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Bottom-up effect of host protective symbionts on parasitoid diversity: Limited evidence from two field experiments

Cite this dataset

Narayan, Karthik Sankar; Vorburger, Christoph; Hafer-Hahmann, Nina (2022). Bottom-up effect of host protective symbionts on parasitoid diversity: Limited evidence from two field experiments [Dataset]. Dryad.


1. Protective symbionts can provide effective and specific protection to their hosts. This protection can differ between different symbiont strains with each strain providing protection against certain components of the parasite and pathogen community their host faces. Protective symbionts are especially well known from aphids where, among other functions, they provide protection against different parasitoid wasps. However, most of the evidence for this protection comes from laboratory experiments.

2. Our aim was to understand how consistent protection is across different symbiont strains under natural field conditions and whether symbiont diversity enhanced the species diversity of colonizing parasitoids, as could be expected from the specificity of their protection.

3. We used experimental colonies of the black bean aphid, Aphis fabae, to investigate symbiont conferred protection under natural field conditions over two seasons. Colonies differed only in their symbiont composition, carrying either no symbionts, a single strain of the protective symbiont Hamiltonella defensa, or a mixture of three H. defensa strains. These aphid colonies were exposed to natural parasitoid communities in the field. Subsequently, we determined the parasitoids hatched from each aphid colony.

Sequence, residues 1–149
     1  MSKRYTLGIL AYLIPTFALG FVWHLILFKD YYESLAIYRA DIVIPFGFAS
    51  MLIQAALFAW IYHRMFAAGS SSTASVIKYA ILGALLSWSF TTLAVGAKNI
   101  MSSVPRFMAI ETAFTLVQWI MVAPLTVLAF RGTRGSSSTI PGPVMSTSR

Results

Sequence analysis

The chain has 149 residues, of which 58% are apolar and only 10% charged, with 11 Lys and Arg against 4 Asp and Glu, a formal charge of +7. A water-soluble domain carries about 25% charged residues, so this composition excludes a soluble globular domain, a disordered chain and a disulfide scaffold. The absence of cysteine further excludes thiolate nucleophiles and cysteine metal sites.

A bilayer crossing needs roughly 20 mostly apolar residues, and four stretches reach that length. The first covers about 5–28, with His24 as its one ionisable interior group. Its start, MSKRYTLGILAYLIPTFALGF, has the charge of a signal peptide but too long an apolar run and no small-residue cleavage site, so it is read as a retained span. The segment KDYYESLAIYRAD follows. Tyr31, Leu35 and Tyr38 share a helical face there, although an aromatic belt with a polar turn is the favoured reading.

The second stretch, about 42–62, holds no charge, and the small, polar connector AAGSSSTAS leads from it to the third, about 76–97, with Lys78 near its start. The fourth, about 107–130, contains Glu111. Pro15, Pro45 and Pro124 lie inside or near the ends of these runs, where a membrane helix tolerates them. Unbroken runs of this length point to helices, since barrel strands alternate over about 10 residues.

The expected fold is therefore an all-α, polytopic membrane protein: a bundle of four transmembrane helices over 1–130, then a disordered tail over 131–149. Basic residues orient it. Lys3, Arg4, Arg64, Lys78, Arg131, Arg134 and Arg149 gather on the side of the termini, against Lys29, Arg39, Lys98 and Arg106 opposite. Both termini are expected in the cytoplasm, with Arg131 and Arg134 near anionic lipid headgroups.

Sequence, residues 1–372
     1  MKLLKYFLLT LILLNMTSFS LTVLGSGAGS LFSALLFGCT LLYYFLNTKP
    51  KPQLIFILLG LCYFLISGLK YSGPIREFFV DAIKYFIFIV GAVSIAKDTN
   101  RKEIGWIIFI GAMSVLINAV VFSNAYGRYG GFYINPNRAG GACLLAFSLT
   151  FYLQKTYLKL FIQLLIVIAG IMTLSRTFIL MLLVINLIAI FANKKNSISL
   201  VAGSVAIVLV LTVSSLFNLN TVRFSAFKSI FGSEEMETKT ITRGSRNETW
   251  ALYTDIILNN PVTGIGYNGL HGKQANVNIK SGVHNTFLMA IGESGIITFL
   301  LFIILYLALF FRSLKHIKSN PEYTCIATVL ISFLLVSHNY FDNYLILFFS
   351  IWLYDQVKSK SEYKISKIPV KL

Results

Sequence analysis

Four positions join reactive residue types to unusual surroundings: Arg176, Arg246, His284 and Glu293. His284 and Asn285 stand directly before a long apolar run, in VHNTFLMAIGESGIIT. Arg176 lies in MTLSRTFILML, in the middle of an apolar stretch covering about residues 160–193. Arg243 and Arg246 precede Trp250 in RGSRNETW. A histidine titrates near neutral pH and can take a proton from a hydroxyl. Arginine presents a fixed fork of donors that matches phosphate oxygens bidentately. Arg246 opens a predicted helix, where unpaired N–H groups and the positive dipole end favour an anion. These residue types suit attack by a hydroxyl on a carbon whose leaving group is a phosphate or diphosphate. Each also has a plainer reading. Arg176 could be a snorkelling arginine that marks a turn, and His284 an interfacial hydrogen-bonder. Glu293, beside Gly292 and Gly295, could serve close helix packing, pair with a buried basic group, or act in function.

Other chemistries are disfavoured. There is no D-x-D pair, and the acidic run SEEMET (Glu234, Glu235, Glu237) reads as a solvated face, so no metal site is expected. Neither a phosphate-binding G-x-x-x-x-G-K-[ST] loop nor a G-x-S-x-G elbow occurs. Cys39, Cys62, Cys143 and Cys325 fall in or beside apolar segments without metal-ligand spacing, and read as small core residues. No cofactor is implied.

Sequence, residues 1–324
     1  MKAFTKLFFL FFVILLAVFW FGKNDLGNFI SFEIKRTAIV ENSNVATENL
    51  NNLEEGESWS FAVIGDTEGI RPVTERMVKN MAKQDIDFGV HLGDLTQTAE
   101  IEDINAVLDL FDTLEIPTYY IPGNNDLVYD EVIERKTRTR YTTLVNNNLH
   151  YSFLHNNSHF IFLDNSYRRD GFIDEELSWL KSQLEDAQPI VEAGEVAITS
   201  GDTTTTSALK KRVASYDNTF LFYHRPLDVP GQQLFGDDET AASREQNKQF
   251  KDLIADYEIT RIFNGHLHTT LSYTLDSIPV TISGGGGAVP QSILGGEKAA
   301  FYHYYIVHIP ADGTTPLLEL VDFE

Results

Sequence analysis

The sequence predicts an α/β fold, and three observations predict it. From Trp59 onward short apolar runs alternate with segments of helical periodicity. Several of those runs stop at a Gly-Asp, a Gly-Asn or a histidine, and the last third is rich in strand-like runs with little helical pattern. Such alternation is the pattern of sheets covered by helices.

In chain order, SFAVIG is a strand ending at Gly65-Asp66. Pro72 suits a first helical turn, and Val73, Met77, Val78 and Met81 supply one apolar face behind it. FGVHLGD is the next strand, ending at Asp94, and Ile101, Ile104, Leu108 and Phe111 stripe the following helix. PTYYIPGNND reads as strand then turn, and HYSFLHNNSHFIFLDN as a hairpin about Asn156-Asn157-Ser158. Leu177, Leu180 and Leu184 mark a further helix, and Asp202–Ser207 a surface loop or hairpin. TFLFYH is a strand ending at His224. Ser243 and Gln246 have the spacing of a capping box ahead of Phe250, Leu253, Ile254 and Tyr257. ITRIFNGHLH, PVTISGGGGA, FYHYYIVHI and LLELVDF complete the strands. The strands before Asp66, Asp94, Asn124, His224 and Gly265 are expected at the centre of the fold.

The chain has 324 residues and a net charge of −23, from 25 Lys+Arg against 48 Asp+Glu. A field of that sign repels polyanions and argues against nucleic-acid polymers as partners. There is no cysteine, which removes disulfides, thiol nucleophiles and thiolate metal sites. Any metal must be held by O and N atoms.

4. The evidence for a protective effect of H. defensa was limited and inconsistent between years, and aphid colonies harboring multiple symbiont strains did not support a more diverse parasitoid community. Instead, parasitoid diversity tended to be highest in the absence of H. defensa.

5. Symbiont conferred protection, although a strong and repeatable effect under laboratory conditions, may not always cause the predicted bottom-up effects under natural conditions in the field.


We sampled plants which we had planted in the field with aphids at the end of each block in 2018 or weekly in 2019 (see paper for experimental set up). We measured the length of each plant and counted the number of aphids either by counting aphids in groups of roughly five individuals (2018) or counting their exact number (2019). We also counted the number of mummies, irrespective of whether or not the parasitoid had already hatched. Unhatched mummies were collected in insect dishes for hatching and subsequent identification. We additionally kept the plants in the cellophane bags to be able to catch and determine any parasitoids that would hatch from mummies that only formed after collection. Lastly, we counted all ants and predators. For predators we recorded which order they belonged to and which stage they were in (i.e. egg, larvae, pupae, or adult). After they had hatched, we determined parasitoids under a stereo microscope. We identified primary parasitoids to the species level and secondary parasitoids at least to the genus level.

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Swiss National Science Foundation, Award: CRSII3_154396

Swiss National Science Foundation, Award: 21003A_181969

Deutsche Forschungsgemeinschaft, Award: HA 8471/1-1